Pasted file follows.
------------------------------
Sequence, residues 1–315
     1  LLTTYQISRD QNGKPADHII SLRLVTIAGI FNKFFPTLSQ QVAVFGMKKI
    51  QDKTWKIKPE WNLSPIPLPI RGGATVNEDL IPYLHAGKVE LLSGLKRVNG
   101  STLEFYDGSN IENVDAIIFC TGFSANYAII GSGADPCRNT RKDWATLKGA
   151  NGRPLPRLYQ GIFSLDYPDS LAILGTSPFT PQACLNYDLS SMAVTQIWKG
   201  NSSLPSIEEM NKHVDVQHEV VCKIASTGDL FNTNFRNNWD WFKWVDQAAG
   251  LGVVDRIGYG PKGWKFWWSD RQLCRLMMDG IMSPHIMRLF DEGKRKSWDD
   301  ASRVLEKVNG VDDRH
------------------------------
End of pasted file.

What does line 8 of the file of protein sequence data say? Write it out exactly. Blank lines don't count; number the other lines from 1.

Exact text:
   301  ASRVLEKVNG VDDRH